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“I got tired of dealing with tenants so I started lending money.” We hear this a lot from investors who were worn out being landlords, and looked for another way to be involved with real estate, now as lenders. While private lending is a great way to generate income, many self-directed IRA investors aren’t aware that an alternative strategy exists: Buying owner financed real estate notes at a discount. This article outlines how buying a real estate note (also known as a mortgage note) differs from lending money, and what investors should know before trying this strategy. Let’s start by looking at how owner financed notes are created.
How Real Estate is Bought and Sold
There are 3 ways a buyer can purchase real estate. They can use:
- Their own money (cash)
- The bank’s money (loan)
- The seller’s money (owner financing)
Owner financing isn’t a loan but instead an extension of credit by the seller. The buyer pays cash for a portion of the sales price and promises to pay the seller the rest of the money in the future by signing a Promissory Note.
By recording a Deed of Trust or Mortgage (depending on the state where the property is located), the seller is able to record a lien against the property and foreclose if the buyer doesn’t pay as promised in the Note.
Here’s a recent example:
Property: 7-unit multi-family in Los Angeles, CA
Sales price: $1,850,000
Cash down: $1,100,000
New note: $750,000 at 4% amortized for 20 years at $4,544.85 monthly
Balance: $720,743 at the time McKinley Mortgage bought the note
After receiving 12 payments, the seller found an investment property he wanted to buy and wanted to cash out his note.
The note made it through due diligence and our private investor agreed to buy the note for $570,000, or a projected 7% yield on the remaining term of the note. Keep in mind this return is based on the buyer making payments for 19 years. We’ve found most of our notes pay off within 5-7 years so there’s a very good chance the investor on this deal could earn more than 7% if it pays off early.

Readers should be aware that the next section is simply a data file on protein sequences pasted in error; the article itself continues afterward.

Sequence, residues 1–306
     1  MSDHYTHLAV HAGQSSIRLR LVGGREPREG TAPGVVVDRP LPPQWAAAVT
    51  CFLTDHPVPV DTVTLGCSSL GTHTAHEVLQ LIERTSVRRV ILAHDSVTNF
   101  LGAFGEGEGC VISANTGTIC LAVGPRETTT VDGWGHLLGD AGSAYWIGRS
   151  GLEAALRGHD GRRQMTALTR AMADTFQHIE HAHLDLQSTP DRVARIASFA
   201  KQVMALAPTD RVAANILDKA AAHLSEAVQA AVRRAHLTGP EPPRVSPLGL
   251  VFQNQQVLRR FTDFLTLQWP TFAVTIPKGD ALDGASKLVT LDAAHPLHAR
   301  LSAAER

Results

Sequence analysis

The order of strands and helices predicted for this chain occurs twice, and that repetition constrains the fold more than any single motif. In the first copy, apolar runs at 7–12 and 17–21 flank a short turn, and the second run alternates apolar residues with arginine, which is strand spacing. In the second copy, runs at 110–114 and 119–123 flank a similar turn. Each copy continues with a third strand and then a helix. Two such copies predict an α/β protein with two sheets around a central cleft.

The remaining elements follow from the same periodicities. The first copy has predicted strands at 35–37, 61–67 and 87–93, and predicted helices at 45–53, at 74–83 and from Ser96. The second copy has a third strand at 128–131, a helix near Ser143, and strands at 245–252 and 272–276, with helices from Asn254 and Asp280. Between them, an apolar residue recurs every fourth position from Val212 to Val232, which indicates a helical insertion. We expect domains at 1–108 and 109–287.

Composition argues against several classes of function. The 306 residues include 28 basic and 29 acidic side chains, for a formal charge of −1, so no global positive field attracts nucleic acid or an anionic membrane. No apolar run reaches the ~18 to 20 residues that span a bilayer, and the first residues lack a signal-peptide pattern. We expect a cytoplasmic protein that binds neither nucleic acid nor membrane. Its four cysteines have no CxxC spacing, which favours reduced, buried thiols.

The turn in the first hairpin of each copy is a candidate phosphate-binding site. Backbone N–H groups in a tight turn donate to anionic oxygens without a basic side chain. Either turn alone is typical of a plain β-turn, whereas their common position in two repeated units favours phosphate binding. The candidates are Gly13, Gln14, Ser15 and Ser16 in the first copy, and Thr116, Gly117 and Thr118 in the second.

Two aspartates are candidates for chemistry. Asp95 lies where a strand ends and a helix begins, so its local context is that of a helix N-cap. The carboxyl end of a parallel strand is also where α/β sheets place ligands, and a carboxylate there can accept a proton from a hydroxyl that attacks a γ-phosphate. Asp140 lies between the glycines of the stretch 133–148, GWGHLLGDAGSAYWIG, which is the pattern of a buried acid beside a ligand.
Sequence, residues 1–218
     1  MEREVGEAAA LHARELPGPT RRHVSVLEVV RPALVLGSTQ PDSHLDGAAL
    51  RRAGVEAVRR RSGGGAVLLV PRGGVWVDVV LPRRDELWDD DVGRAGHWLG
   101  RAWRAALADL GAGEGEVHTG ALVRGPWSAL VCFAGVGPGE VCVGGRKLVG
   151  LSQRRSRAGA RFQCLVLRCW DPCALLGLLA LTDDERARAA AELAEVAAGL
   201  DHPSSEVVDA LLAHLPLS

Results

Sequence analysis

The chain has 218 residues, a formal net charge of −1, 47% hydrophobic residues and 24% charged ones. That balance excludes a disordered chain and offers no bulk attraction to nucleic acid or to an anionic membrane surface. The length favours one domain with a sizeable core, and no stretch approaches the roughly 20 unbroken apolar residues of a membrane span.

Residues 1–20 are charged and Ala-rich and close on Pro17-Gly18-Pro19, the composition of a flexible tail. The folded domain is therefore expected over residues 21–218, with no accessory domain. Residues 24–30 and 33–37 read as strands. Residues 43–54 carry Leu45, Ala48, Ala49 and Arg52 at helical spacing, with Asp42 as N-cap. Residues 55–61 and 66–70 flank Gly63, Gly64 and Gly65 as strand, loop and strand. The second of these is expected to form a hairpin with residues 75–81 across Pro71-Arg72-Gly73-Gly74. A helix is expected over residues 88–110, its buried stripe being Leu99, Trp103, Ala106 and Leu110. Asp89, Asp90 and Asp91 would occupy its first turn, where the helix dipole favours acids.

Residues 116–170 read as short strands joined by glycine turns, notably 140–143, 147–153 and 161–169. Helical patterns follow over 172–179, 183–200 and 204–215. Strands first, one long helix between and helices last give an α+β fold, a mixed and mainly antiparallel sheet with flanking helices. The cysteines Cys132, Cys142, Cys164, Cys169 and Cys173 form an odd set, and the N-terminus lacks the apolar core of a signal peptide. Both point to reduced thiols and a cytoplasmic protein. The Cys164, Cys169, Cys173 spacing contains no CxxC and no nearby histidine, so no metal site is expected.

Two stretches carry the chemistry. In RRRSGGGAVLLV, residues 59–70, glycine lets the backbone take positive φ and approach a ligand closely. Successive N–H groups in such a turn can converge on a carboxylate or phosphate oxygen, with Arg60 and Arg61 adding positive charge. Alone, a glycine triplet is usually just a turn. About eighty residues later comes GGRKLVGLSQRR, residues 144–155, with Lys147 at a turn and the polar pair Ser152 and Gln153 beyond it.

The 3 P’s of Note Underwriting
The advantage of buying an existing note versus originating a new one is that you have a past performance to consider. Before buying any discounted note, you should consider the three P’s of note underwriting:
Look at the amount of cash paid down, the note’s payment history and how the payors manage their credit. Most note brokers should be able to provide you with a soft pull credit report on the buyers.
Do you feel comfortable owning the property if the buyers stop paying you? It’s also important to make sure that taxes are paid and hazard insurance is sufficient. If the property is for commercial or industrial use, there could be environmental concerns that could surface later.
Owner financed notes come in all shapes and sizes. You may want your attorney to review the original documents before taking assignment to them. Make sure your note is in first position and that you have title insurance at closing to back it up. Also, some states have judicial foreclosure laws, which could take a very long time to foreclose upon. If you know these rules at the start, you may be able to prevent delays in paperwork.
Discounted real estate notes can be a great source of income inside a self-directed IRA. However, it takes a lot of work and specialized knowledge to do it right. Before you start, I would suggest building a team to include:
- Experienced real estate attorney to review the files
- Trusted note broker to find the deals for you
- Third party note servicing company to manage the payments
- Real estate professionals to be your eyes on the property
- Your Entrust IRA team to facilitate all the rest
With the right expertise on your side, note investing is not only safer, but also a lot more fun!
By: Caleb Preston, Principal - McKinley Mortgage Company
Caleb Preston has been buying notes in his IRA since the age of 12. His family owns McKinley Mortgage Company, which has purchased over 3,000 notes since 1989. For more information visit www.mckinleymortgage.com